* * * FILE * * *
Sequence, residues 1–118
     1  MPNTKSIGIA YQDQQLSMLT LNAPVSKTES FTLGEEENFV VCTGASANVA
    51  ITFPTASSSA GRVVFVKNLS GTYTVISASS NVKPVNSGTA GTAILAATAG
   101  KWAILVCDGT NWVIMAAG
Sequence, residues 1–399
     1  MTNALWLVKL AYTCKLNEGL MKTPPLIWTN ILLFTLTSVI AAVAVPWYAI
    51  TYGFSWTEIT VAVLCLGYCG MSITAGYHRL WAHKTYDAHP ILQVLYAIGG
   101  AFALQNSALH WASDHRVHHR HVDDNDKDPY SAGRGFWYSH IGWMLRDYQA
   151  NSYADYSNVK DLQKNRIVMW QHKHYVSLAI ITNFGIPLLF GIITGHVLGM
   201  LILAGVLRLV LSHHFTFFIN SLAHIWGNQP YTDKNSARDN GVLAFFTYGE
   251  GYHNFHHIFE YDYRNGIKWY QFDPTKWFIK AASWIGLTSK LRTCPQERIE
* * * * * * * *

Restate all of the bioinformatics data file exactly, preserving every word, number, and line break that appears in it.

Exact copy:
Sequence, residues 1–118
     1  MPNTKSIGIA YQDQQLSMLT LNAPVSKTES FTLGEEENFV VCTGASANVA
    51  ITFPTASSSA GRVVFVKNLS GTYTVISASS NVKPVNSGTA GTAILAATAG
   101  KWAILVCDGT NWVIMAAG
Sequence, residues 1–399
     1  MTNALWLVKL AYTCKLNEGL MKTPPLIWTN ILLFTLTSVI AAVAVPWYAI
    51  TYGFSWTEIT VAVLCLGYCG MSITAGYHRL WAHKTYDAHP ILQVLYAIGG
   101  AFALQNSALH WASDHRVHHR HVDDNDKDPY SAGRGFWYSH IGWMLRDYQA
   151  NSYADYSNVK DLQKNRIVMW QHKHYVSLAI ITNFGIPLLF GIITGHVLGM
   201  LILAGVLRLV LSHHFTFFIN SLAHIWGNQP YTDKNSARDN GVLAFFTYGE
   251  GYHNFHHIFE YDYRNGIKWY QFDPTKWFIK AASWIGLTSK LRTCPQERIE